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 Table of Contents  
ORIGINAL ARTICLE
Year : 2019  |  Volume : 17  |  Issue : 4  |  Page : 372-377

Correction of neuromuscular foot deformity by a circular frame


Orthopedics and Traumatology, Faculty of Medicine, Al-Azhar University, Assiut, Egypt

Date of Submission27-Jul-2019
Date of Decision18-Sep-2019
Date of Acceptance14-Oct-2019
Date of Web Publication14-Feb-2020

Correspondence Address:
Ibrahim Elsayed A-Abuomira
Assistant professor of Orthopedics and Traumatology, Faculty of Medicine, Al-azhar University. Assiut, 82511
Egypt
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Source of Support: None, Conflict of Interest: None


DOI: 10.4103/AZMJ.AZMJ_100_19

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  Abstract 


Background Neuropathic deformities impair foot and ankle joint mobility, often leading to abnormal stresses and impact forces. Neuropathic foot deformities present a formidable challenge to orthopedic, pediatric, and rehabilitation specialists since these deformities are multiplanar, insidious in onset, and most difficult to attribute to and recognize an incipient cause.
Aim The aim of our study was to determine the use of a circular frame in the correction of neuromuscular foot deformity. The aim of surgical treatment is to achieve painless foot and stable plantigrade. The use of a circular frame, with or without gradual correction, may allow the patient to be more functional during the period of healing because a circular frame will typically allow partial to full weight bearing during the period of recovery.
Patients and methods In this study, 18 feet and ankle deformities in 13 patients were operated upon using the Ilizarov technique and fixator during the period from January 2013 to April 2018.
Results The aim of surgery in neuropathic foot is to achieve functional improvements and not just a cosmetically normal limb. Compared with the preoperative status, all patients were satisfied with their gait. The correction period ranged from 2 to 3.5 months.
Conclusion We have treated 13 patients affected by neuropathic foot deformities caused by poliomyelitis, meningocele, Charcot–Marie–Tooth syndrome, and post compartmental. Correction of foot deformities and leg-length discrepancy was performed by the Ilizarov method to obtain stable plantigrade and enable wearing of a normal shoe. Multiple surgical techniques were used (closed method, arthrodesis, open method with osteotomy, leg or tendoachilles’ lengthening) in most of the patients, with few complications.

Keywords: Charcot–Marie–Tooth syndrome, circular frame, neuromuscular foot deformity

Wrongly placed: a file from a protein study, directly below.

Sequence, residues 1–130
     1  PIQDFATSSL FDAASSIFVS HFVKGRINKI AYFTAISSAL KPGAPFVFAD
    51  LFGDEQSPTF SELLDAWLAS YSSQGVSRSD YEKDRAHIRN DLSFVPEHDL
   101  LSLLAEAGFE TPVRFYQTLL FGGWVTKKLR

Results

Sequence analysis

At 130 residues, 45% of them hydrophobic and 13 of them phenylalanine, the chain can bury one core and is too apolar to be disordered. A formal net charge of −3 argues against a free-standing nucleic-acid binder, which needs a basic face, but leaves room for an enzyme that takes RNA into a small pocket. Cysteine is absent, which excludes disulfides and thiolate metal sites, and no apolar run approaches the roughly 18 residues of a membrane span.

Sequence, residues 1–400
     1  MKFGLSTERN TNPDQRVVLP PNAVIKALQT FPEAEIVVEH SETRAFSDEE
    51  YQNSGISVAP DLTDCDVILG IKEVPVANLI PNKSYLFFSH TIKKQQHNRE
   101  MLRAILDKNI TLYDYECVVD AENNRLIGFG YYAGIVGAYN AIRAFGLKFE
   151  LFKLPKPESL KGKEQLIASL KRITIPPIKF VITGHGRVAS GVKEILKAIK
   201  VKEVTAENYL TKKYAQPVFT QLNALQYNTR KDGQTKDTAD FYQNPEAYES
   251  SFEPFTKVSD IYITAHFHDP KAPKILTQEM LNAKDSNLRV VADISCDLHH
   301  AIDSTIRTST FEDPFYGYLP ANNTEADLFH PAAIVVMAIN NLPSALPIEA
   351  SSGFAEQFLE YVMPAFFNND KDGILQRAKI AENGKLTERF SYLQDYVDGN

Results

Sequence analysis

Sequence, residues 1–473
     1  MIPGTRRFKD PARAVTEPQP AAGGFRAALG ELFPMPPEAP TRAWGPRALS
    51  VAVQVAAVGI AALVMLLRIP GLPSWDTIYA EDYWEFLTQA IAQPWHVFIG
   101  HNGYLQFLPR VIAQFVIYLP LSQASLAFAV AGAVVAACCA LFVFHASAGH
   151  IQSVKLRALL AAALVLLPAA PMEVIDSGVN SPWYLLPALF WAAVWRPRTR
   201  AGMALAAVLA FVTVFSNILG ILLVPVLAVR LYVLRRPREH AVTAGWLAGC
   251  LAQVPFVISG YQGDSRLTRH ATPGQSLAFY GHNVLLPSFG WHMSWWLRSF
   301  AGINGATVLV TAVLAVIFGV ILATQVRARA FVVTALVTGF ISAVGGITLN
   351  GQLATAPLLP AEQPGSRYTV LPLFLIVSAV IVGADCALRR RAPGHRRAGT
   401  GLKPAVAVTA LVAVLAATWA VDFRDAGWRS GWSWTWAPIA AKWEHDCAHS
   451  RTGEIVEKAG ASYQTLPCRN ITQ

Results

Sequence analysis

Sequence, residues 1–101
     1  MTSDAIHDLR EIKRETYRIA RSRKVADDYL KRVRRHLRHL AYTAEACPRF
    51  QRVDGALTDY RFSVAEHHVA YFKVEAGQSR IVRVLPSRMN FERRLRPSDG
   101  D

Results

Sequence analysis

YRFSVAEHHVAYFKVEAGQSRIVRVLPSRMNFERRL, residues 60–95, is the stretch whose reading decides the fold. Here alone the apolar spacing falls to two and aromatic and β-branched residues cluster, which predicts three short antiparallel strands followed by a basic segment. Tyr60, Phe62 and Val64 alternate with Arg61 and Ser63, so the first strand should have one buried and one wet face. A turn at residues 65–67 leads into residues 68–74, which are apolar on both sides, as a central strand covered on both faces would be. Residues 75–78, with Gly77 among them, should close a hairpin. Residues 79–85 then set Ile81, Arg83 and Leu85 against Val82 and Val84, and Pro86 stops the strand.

How to cite this article:
A-Abuomira IE. Correction of neuromuscular foot deformity by a circular frame. Al-Azhar Assiut Med J 2019;17:372-7

How to cite this URL:
A-Abuomira IE. Correction of neuromuscular foot deformity by a circular frame. Al-Azhar Assiut Med J [serial online] 2019 [cited 2020 Jul 6];17:372-7. Available from: http://www.azmj.eg.net/text.asp?2019/17/4/372/278421




  Introduction Top


Causes of neuromuscular deformities

Poliomyelitis, Charcot foot, cerebral palsy, Charcot–Marie–Tooth hereditary neuropathy, and spina bifida can cause neuromuscular deformities. Neurologic disorder of the foot leads to deformities and functional disabilities. They are often treated by either orthotic or soft-tissue procedures such as tendon release, lengthening, or transfer. However, soft-tissue procedures may be difficult, especially with the absence of functional tendons for transfer or coexisting irreducible deformities [1],[2],[3].

Neuropathic foot deformities present a formidable challenge to orthopedic, rehabilitation, and pediatric specialists since these deformities are insidious in onset, multiplanar, and most difficult to recognize and attribute an incipient cause. Neuropathic foot deformities are unremitting in their progression, and thus present an ever-increasing risk for foot amputation [4]. Conventional operative techniques include arthrodesis, corrective osteotomies, tendon transfers, and extensive release of contractures [5].

Acute correction in severe cases of neuropathic foot deformities may result in wound-healing problems and neurovascular complications. In addition, some cases of lower-limb problems require simultaneous corrections of foot deformity and leg lengthening together with tendon transfers to augment stabilization of foot [5].

It is typically preferred for static or dynamic gradual correction of hind foot and ankle deformities because of the versatility of the components and strength for weight bearing. It is also chosen over acute correction when the deformity is complex, often involving an oblique plane, a rotational component, and/or limb shortening [6],[7],[8].

The use of a circular frame, with or without gradual correction, may allow the patient to be more functional during the period of healing because a circular frame will typically allow partial to full weight bearing during the period of recovery [6],[7].